Nature, Vol.535, No.7610, 148-148, 2016
Allosteric inhibition of SHP2 phosphatase inhibits cancers driven by receptor tyrosine kinases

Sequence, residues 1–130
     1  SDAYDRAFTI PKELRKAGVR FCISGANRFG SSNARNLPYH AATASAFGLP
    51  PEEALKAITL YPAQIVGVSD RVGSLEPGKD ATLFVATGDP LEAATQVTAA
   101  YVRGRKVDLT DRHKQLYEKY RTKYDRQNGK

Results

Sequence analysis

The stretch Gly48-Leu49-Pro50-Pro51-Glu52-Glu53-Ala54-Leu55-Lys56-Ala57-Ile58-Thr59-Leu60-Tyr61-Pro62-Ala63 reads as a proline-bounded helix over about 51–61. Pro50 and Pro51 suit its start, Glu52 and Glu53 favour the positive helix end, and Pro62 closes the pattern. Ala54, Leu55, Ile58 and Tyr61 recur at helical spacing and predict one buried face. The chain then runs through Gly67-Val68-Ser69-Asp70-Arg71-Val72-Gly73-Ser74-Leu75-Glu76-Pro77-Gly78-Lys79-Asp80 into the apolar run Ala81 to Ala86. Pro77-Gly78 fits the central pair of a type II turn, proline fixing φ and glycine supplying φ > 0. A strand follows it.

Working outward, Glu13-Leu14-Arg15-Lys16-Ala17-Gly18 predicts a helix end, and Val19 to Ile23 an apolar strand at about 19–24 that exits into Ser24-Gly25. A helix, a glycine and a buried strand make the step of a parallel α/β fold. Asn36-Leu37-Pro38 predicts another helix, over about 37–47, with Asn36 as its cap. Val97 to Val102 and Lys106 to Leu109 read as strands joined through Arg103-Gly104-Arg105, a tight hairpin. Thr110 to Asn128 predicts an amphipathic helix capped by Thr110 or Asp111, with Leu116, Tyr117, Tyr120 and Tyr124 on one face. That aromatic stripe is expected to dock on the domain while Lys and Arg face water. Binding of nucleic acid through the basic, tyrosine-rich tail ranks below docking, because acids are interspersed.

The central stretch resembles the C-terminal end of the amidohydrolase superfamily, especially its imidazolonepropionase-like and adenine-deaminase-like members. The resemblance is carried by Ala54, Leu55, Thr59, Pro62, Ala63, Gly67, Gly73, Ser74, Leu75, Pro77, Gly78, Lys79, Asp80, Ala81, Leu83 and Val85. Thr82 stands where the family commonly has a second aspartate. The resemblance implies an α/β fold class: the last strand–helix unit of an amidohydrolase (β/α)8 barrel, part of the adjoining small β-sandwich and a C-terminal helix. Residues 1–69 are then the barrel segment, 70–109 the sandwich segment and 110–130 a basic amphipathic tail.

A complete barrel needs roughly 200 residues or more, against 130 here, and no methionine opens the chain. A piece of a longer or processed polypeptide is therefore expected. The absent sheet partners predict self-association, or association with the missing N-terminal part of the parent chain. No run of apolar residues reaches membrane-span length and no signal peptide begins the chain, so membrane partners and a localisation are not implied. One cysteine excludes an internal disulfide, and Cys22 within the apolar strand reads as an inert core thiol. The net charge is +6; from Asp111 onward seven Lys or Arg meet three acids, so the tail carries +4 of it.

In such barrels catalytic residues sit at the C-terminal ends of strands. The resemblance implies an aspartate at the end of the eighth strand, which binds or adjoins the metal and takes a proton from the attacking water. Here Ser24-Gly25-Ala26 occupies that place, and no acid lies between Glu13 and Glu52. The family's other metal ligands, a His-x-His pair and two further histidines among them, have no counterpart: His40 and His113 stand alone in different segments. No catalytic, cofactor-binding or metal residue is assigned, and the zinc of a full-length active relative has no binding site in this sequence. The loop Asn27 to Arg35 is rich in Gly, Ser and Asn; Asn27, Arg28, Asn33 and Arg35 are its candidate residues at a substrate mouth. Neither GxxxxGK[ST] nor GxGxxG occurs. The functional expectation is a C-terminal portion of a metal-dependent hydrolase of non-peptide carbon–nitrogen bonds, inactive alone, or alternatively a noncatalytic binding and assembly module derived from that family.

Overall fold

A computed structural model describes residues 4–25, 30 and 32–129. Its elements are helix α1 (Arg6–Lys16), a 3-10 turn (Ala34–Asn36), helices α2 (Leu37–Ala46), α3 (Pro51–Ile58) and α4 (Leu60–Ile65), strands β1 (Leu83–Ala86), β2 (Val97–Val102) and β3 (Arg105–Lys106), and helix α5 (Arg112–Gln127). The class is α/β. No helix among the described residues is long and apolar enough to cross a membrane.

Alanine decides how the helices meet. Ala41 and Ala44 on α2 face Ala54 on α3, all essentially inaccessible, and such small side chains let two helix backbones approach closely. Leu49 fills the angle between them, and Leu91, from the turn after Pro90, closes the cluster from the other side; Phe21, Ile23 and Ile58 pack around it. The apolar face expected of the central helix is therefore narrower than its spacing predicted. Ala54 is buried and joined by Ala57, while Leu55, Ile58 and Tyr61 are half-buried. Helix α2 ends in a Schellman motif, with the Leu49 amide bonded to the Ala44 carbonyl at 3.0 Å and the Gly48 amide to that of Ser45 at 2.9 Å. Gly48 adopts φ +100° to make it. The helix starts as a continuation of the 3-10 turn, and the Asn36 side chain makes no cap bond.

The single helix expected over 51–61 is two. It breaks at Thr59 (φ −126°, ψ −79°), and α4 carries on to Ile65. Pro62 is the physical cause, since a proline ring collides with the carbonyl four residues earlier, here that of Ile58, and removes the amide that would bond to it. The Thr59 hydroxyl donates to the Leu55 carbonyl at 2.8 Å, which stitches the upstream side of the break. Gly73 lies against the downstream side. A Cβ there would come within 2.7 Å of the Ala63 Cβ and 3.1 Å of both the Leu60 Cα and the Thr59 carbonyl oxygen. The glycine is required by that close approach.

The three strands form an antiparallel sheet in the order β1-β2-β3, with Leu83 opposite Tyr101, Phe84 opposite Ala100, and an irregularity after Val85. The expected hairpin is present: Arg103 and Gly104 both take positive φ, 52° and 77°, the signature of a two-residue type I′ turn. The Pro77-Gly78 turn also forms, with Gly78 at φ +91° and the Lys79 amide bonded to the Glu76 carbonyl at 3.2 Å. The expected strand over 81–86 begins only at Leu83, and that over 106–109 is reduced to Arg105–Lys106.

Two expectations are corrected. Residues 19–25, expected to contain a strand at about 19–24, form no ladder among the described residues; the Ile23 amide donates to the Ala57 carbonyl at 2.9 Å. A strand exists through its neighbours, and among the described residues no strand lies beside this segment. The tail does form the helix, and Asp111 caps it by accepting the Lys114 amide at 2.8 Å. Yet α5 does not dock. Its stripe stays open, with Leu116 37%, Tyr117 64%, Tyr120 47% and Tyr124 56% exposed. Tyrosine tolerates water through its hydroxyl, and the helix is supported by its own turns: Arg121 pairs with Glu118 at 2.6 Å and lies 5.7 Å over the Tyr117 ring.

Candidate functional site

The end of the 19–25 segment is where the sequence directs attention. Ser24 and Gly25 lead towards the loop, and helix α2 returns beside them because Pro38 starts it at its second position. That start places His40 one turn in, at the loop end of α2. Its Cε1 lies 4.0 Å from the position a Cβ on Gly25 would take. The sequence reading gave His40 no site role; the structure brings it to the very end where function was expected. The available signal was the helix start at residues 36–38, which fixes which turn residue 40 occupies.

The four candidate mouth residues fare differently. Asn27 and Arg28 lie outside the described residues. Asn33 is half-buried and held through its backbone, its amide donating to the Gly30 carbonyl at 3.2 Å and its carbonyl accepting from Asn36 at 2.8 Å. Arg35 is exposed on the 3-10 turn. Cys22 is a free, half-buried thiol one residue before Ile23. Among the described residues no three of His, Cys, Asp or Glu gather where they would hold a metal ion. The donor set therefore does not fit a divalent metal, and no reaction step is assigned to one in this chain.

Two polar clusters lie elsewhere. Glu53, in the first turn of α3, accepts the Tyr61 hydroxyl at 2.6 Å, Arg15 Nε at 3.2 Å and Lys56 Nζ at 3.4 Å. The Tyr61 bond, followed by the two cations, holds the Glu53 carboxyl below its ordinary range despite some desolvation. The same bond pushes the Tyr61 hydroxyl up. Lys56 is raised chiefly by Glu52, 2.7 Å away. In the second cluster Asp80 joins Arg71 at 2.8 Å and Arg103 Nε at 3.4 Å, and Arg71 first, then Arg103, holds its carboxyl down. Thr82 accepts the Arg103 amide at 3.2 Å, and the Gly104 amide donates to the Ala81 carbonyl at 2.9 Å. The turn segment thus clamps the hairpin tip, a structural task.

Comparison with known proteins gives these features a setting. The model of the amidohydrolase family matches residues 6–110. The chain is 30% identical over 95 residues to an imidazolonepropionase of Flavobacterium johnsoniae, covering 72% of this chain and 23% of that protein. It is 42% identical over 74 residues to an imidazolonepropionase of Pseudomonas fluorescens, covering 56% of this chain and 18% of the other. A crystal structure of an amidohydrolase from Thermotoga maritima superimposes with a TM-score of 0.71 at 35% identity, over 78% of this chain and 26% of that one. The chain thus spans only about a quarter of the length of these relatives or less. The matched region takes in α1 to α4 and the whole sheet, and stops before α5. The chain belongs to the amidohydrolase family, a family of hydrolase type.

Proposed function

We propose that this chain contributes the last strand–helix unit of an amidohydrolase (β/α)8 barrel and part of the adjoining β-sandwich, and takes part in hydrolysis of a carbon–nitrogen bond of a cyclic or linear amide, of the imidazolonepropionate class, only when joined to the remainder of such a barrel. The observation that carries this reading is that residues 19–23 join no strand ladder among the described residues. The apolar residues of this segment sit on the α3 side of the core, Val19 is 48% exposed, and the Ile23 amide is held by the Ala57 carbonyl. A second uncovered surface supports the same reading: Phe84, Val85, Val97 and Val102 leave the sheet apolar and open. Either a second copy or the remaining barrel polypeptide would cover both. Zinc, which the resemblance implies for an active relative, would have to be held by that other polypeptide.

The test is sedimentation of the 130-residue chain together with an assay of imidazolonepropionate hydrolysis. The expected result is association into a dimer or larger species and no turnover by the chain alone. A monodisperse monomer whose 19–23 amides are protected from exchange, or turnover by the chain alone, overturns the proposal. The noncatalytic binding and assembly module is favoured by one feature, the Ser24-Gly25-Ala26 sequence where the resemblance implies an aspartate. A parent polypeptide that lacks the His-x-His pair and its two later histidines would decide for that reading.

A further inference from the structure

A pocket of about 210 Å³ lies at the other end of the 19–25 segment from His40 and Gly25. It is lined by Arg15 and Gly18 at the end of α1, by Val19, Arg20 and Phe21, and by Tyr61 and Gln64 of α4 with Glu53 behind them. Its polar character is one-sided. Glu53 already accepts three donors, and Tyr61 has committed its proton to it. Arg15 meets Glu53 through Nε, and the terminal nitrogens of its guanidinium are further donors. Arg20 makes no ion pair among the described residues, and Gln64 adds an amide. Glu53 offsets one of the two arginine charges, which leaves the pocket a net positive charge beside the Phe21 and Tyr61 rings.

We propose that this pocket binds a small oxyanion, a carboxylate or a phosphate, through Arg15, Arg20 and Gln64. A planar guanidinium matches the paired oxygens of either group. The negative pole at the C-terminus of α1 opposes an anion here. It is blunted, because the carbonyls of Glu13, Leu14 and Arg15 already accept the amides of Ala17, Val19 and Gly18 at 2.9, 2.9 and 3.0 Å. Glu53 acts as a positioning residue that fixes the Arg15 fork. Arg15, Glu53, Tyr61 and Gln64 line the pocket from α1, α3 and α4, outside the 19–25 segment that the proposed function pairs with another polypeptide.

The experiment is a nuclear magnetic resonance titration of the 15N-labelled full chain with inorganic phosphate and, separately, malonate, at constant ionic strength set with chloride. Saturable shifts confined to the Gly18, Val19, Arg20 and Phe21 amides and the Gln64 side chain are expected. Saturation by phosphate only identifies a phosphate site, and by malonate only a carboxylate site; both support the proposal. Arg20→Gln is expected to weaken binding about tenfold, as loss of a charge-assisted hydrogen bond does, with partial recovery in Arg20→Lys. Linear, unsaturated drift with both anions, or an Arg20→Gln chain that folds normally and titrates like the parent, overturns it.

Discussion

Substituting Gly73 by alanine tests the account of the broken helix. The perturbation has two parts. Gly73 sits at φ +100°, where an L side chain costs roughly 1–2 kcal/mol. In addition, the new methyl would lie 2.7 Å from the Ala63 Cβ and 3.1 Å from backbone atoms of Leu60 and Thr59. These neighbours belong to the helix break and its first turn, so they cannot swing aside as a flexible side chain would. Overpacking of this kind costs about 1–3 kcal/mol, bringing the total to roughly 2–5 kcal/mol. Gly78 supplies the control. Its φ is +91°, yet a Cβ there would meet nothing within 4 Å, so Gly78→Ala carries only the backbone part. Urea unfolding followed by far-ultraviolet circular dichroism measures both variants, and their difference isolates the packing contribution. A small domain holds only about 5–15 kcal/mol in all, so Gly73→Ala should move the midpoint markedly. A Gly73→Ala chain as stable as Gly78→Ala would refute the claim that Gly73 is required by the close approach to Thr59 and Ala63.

The non-receptor protein tyrosine phosphatase SHP2, encoded by PTPN11, has an important role in signal transduction downstream of growth factor receptor signalling and was the first reported oncogenic tyrosine phosphatase(1). Activating mutations of SHP2 have been associated with developmental pathologies such as Noonan syndrome and are found in multiple cancer types, including leukaemia, lung and breast cancer and neuroblastoma(1-5). SHP2 is ubiquitously expressed and regulates cell survival and proliferation primarily through activation of the RAS-ERK signalling pathway(2,3). It is also a key mediator of the programmed cell death 1 (PD-1) and B- and T-lymphocyte attenuator (BTLA) immune checkpoint pathways(6,7). Reduction of SHP2 activity suppresses tumour cell growth and is a potential target of cancer therapy(8,9). Here we report the discovery of a highly potent (IC50 = 0.071 mu M), selective and orally bioavailable small-molecule SHP2 inhibitor, SHP099, that stabilizes SHP2 in an auto-inhibited conformation. SHP099 concurrently binds to the interface of the N-terminal SH2, C-terminal SH2, and protein tyrosine phosphatase domains, thus inhibiting SHP2 activity through an allosteric mechanism. SHP099 suppresses RAS-ERK signalling to inhibit the proliferation of receptor-tyrosine-kinase-driven human cancer cells in vitro and is efficacious in mouse tumour xenograft models. Together, these data demonstrate that pharmacological inhibition of SHP2 is a valid therapeutic approach for the treatment of cancers.